Success Tips for Sales Professionals
So what's all the hubbub about this Personal Branding?

It all started in 1997 when Tom Peters wrote an article for Fast Company called "The Brand Called You." Here's the main message:

"Big companies understand the importance of brands. Today, in the 'Age of the Individual,' you have to be your own brand and stand out from the crowd.

The following five branding tips are worth knowing, so read, practice and watch your success grow!

1. Brand yourself through your professional presence. You say so much before you open your mouth and first impressions -- that first 10 seconds -- so count! Pay attention to the little things„Ÿ like your clothing. What's the message from what you're wearing? Are you trendy, conservative, fashionable, or outdated? What about your grooming, especially facial hair, scuffed shoes and too much cologne/perfume? When was the last time you had a new hairstyle or makeover? And last, but not least, have a smile ready.

2. Brand yourself as a valued partner. Knowing your customer's background, services and products gives you an edge. Research their company, read their publications and peruse their annual report. Think and talk like your customer. The more you know, the more you know!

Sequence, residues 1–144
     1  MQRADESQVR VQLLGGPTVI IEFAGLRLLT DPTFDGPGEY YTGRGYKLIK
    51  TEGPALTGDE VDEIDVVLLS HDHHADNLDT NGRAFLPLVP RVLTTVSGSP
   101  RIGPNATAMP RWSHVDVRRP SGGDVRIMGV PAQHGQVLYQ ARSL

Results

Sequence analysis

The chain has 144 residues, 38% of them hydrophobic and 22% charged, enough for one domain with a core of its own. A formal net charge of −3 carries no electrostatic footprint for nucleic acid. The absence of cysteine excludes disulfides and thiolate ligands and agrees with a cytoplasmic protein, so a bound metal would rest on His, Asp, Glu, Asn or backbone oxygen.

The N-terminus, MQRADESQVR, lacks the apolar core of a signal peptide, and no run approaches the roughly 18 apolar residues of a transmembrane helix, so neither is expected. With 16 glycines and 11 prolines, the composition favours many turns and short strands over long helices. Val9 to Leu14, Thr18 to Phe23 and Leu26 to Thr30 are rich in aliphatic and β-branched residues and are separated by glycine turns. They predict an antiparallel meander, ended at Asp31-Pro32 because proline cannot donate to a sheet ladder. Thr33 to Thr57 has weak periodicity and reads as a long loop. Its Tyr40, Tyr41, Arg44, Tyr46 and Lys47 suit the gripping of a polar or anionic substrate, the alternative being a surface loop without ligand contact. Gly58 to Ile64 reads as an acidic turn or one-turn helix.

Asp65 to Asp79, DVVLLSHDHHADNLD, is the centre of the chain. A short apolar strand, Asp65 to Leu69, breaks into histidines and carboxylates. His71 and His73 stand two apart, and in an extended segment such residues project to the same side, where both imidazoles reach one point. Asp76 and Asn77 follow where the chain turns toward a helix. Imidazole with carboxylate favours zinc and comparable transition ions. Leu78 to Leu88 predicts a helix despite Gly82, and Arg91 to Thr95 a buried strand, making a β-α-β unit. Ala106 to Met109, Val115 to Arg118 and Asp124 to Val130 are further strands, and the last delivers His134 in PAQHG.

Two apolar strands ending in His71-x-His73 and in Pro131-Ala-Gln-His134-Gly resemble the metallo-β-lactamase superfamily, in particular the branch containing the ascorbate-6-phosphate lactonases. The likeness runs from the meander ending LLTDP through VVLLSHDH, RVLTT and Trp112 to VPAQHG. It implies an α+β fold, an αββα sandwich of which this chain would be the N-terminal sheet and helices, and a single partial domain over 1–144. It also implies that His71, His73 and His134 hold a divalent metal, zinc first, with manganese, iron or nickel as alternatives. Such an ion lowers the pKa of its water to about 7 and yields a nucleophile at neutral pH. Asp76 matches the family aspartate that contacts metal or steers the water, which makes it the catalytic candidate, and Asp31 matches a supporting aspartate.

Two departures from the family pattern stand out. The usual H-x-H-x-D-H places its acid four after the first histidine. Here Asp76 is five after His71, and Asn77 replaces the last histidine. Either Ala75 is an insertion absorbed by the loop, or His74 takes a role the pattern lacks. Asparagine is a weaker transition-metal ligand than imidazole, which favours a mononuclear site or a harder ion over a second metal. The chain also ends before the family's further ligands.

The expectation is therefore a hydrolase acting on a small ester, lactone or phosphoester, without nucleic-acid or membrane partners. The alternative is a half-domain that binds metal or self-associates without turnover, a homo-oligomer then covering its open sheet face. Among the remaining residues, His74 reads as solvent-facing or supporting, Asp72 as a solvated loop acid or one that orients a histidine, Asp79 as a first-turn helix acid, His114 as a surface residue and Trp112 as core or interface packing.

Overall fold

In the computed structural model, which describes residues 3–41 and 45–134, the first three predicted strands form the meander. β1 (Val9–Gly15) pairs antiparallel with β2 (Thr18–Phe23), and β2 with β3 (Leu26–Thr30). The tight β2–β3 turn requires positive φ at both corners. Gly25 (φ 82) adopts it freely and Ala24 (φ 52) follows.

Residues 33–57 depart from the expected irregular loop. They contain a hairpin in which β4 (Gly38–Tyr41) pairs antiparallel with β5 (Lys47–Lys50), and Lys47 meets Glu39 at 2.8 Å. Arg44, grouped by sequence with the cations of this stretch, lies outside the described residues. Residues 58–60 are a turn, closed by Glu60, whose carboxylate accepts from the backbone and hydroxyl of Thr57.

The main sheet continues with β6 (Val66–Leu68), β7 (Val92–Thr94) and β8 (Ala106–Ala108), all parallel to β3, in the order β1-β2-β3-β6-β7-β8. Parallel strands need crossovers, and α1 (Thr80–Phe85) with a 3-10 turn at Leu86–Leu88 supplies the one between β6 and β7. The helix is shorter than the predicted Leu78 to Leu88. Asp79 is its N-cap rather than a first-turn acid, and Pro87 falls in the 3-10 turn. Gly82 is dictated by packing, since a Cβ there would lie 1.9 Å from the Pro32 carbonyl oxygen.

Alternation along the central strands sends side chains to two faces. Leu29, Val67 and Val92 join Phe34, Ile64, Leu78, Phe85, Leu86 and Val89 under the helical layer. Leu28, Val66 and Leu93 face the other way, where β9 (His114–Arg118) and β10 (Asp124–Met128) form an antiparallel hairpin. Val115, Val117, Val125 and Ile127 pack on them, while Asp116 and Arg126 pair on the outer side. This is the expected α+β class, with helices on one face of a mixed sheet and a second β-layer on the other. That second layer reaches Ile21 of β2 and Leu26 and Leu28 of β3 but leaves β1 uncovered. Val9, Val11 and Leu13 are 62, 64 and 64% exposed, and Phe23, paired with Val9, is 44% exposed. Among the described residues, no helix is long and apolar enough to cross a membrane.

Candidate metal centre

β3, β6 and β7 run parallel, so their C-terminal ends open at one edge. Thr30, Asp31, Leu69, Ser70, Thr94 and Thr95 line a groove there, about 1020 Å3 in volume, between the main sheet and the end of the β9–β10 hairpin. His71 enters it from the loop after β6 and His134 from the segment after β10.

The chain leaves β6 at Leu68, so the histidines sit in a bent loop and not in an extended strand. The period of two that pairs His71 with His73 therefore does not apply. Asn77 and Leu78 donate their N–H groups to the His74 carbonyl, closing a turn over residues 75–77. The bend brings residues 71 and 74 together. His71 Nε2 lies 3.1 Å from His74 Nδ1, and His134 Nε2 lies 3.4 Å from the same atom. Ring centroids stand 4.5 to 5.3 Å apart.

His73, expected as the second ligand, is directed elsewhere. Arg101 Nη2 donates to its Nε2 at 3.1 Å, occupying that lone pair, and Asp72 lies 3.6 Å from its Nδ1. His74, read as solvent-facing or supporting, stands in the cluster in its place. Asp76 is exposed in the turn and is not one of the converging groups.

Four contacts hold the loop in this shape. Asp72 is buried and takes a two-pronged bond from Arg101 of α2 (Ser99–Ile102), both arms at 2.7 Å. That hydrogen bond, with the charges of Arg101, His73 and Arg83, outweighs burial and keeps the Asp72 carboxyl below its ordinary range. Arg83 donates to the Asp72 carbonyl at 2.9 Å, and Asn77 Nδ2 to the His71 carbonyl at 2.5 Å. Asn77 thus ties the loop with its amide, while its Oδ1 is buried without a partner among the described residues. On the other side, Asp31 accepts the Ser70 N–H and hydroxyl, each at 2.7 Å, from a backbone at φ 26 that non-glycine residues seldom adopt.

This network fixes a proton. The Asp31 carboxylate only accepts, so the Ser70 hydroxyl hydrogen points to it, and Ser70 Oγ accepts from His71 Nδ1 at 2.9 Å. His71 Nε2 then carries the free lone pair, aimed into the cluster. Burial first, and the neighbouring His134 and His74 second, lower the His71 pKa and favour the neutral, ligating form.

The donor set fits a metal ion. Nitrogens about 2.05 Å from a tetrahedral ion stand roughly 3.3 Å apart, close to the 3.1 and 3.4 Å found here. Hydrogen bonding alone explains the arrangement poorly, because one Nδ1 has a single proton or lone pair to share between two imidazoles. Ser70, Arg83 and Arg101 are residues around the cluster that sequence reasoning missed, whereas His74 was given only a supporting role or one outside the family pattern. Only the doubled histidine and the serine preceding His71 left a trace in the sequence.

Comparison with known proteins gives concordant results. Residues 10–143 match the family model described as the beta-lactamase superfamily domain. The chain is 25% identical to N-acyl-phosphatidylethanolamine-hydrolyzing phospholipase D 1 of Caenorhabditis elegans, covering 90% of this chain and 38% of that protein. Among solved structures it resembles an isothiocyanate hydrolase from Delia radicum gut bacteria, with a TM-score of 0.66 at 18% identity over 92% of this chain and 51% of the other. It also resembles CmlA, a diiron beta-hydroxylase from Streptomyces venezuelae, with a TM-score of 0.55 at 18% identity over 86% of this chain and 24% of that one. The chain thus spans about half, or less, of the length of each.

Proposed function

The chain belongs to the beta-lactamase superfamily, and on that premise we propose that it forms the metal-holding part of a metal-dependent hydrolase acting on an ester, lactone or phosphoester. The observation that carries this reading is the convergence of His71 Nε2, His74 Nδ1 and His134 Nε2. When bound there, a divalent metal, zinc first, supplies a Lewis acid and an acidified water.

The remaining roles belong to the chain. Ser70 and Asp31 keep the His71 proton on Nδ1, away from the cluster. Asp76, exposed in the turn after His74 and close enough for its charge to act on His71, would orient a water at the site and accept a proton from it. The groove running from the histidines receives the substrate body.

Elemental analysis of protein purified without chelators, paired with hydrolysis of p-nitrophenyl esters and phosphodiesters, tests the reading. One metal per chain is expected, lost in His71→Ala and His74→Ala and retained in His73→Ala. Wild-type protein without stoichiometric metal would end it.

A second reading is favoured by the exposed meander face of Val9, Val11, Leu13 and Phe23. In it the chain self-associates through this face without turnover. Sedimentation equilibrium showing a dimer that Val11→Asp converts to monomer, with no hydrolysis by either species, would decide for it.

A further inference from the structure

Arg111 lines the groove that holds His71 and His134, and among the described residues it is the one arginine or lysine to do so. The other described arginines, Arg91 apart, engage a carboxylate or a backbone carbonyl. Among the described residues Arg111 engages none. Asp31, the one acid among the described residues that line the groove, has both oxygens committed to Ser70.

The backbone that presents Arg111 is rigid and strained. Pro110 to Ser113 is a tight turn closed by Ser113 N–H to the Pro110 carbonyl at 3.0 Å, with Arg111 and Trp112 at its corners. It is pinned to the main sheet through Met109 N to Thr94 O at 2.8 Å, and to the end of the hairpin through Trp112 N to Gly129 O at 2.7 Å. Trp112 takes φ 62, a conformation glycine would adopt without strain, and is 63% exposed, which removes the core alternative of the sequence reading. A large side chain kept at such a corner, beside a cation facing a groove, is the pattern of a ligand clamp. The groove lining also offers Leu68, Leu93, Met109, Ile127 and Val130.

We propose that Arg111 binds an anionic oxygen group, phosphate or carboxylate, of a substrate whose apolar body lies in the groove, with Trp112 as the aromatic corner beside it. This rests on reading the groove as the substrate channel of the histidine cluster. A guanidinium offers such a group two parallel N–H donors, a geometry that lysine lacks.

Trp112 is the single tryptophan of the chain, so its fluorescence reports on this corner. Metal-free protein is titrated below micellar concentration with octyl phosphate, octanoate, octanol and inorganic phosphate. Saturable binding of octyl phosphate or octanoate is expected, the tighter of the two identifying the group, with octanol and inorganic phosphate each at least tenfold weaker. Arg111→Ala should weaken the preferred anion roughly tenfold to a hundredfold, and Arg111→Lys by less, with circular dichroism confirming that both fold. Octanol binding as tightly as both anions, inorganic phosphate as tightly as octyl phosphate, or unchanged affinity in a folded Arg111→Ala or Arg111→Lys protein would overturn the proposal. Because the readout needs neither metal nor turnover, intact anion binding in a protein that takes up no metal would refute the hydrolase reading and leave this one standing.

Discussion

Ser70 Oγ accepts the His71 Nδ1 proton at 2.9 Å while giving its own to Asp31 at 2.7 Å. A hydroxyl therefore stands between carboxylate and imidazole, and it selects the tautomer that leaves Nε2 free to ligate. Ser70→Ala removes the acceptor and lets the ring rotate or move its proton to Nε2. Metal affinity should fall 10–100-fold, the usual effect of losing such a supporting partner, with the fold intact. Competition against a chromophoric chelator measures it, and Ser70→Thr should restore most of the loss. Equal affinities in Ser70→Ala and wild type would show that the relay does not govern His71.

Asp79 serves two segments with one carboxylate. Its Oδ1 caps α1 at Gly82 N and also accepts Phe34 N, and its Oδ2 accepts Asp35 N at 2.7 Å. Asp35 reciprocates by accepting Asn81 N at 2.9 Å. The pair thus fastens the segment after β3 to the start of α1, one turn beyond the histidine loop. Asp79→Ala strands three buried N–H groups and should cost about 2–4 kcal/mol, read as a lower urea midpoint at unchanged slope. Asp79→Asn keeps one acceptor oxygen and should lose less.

3. Brand yourself with strong communication skills. Learn how to quickly read your customer's style, his/her preference in working with you. What's the best approach? Should you take time to chat awhile or immediately get down to business? Mirror their style and build a stronger relationship.

4. Brand yourself by staying one step ahead. Anticipate what your customer wants or needs. Put yourself in his/her shoes and anticipate what might be going on in the company or on the team. Be fully prepared for questions...and always be truthful when asked something you don't know. Just say I don't know, but I'll find out.

5. Brand yourself as being socially savvy. Know good dining etiquette and the tools of the table. Be a good conversationalist. Mix and mingle rather than staying in one spot. Ask open-ended questions...and then really listen.